Badge of the North American Russian Orthodox Brotherhood in
Petrograd, 2nd class, 1915-1917.
Silver gilt, solid gold (inner and outer bands of the center
medallion), enamels. Measures 68.1 mm in
height, 67.8 mm in width; weighs 41.5 g. Massive and complex
award of multi-piece construction. The center medallion has
image of St. Vladimir, the prince of Kiev who in 988 AD
accepted Orthodox Christianity as a state religion for the
Kievan Rus. The portrait is transfer-printed on what looks
like celluloid insert (a novelty at the time when the award
was made.) The blue cross in the center bears the acronym in
Old Slavonic characters which stand for "North American
Orthodox Brotherhood of Saint Prince Vladimir."
The inner and outer bands of the center medallion are
separate parts made in solid gold. The Imperial crown with
ribbons is also a separate piece and although of different
shade than the bands, appears to be made of low-carat gold
rather than silver gilt (we wouldn't want to damage it by
testing for gold content.) The entire cross was once gold
plated on both sides; some of the original gilt finish is
clearly visible in the recesses of the cross on the obverse,
edges of the ball embellishments on the center medallion,
and the reverse under the pin and near the center.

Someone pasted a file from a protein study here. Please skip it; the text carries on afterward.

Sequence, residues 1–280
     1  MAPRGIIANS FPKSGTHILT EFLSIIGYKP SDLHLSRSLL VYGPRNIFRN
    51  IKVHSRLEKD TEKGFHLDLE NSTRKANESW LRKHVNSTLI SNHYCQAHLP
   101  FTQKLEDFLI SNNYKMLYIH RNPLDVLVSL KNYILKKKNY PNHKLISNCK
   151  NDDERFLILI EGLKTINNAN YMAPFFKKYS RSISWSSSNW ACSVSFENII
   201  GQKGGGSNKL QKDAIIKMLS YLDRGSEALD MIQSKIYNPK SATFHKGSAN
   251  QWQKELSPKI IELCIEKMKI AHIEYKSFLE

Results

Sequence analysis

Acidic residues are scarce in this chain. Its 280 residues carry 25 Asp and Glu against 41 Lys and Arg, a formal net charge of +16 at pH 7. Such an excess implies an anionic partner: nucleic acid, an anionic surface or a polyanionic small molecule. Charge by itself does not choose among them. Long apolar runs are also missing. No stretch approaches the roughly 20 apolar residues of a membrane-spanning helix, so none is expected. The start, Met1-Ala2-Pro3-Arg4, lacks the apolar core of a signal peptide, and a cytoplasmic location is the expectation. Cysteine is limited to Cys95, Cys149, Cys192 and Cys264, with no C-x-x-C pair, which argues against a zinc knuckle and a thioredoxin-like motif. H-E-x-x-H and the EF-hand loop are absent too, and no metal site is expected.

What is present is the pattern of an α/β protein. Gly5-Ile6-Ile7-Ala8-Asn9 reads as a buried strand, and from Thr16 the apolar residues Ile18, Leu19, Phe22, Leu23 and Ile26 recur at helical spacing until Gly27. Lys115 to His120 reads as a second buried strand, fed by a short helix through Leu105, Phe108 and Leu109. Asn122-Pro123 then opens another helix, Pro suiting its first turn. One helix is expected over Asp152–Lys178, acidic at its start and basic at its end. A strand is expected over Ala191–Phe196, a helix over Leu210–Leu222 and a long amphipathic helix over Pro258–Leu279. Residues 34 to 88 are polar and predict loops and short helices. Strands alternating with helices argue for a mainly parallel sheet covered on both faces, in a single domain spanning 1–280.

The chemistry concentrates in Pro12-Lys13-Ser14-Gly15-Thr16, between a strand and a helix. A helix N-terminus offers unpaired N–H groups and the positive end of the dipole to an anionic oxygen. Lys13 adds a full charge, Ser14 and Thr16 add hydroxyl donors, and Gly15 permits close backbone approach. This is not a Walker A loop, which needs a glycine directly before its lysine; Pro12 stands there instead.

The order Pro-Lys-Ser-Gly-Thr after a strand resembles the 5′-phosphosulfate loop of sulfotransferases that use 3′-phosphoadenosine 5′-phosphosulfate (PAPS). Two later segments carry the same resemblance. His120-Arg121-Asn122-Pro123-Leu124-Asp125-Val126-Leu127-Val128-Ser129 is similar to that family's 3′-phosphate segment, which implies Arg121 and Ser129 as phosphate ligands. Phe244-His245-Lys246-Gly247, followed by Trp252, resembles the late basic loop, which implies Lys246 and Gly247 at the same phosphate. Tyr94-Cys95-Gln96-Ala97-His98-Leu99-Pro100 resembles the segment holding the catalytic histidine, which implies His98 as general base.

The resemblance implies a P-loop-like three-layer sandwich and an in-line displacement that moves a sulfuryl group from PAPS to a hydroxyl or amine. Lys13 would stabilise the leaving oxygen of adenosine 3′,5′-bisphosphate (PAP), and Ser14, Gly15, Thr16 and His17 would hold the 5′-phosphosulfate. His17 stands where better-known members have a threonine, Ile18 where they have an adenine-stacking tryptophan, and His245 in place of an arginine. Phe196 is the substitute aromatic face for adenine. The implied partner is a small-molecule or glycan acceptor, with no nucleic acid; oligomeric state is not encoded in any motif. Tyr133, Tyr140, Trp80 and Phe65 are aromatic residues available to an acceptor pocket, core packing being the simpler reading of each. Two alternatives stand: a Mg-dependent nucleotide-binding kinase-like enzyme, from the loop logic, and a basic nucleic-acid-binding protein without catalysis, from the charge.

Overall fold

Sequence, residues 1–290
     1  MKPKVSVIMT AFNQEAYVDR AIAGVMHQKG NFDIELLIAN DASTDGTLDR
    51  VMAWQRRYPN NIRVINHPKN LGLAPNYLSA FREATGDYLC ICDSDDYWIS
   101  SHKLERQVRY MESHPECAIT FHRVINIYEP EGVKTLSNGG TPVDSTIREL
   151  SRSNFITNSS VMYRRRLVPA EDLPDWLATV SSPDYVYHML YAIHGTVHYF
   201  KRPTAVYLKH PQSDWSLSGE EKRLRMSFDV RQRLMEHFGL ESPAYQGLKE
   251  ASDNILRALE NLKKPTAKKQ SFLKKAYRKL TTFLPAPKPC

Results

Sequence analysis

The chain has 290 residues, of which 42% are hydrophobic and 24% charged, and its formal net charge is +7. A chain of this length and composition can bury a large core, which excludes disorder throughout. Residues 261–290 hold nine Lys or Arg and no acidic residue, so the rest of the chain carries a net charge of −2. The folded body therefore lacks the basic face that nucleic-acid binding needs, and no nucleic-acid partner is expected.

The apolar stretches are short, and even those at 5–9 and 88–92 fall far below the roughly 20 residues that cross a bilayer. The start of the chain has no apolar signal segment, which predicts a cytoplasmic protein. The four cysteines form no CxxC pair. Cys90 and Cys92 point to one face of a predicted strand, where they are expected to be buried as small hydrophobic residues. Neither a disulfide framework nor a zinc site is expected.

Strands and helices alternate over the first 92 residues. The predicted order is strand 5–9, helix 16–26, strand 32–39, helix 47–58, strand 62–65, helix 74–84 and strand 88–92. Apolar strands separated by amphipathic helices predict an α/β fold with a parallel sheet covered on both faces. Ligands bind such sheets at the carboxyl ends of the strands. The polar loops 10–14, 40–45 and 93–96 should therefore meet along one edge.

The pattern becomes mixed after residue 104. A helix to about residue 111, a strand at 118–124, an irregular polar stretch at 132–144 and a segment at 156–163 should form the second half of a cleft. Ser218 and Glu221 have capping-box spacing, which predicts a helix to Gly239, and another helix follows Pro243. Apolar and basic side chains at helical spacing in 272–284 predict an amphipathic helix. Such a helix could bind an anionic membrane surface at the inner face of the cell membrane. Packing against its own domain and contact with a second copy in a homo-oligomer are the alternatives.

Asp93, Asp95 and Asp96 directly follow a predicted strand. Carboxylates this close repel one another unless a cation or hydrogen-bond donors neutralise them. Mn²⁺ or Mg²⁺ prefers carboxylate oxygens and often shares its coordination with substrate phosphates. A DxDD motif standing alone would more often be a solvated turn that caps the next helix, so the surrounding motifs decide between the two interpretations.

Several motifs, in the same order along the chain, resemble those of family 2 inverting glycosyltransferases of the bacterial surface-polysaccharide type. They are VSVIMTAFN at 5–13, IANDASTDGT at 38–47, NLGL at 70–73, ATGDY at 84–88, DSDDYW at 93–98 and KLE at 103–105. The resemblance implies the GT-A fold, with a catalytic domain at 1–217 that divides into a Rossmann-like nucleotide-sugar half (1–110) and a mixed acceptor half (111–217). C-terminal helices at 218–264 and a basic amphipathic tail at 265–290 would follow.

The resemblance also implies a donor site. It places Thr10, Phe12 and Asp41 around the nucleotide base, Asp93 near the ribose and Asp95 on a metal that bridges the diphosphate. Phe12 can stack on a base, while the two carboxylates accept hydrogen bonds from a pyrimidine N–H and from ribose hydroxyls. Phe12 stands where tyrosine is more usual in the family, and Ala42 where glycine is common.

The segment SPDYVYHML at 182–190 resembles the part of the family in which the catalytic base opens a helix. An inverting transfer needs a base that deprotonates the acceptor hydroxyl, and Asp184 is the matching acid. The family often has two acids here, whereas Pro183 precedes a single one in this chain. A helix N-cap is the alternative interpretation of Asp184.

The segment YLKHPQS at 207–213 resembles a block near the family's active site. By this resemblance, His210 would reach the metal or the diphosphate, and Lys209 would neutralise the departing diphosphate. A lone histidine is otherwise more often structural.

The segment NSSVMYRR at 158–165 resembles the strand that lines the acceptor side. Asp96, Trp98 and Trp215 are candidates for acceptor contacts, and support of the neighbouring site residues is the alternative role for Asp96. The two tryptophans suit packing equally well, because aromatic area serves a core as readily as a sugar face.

The reverse of the center medallion bears very clearly
struck maker mark АБ ("AB"), Kokoshnik 84 silver hallmark
with the Greek character alpha designating St. Petersburg
assay inspection, and a small assay inspection hallmark with
Kokoshnik. There are matching maker mark and round
Kokoshnik hallmark to the outside of the pin.
The badge is in very fine to excellent overall condition.
There is some rubbing and fading to the portrait, but the
details are overall well-preserved. The blue center cross
has surface chips to the left arm and tiny flakes elsewhere,
but because the damage doesn't penetrate to silver, it is
not easily noticeable. The golden bands, details of the
crown, and ridges of the larger cross are beautifully crisp
showing almost no wear and only very few tiny dings. The
reverse is nearly pristine, with attachment wires perfectly
tight and attractive light toning to silver. The pin is
intact and fully functional.
Approved on 15 January 1915, this was one of the last badges
authorized by the Tsar before the revolution. (Any Russian
badge or jetton showing the eagle, the crown, and/or the
monogram of a member of the royal family required Nicholas's
personal approval before it could be produced.) Since it
could not have been safely worn - at least with the crown -
after the February 1917 revolution, it had one of the
shortest "life-spans" of any imperial era badge: just two
years. The second class of this decoration was issued
exclusively to the life members of the Brotherhood.
/Patrikeev and Boinovich, "Badges of Russia, Vol. 1", page
356 fig. 15.9/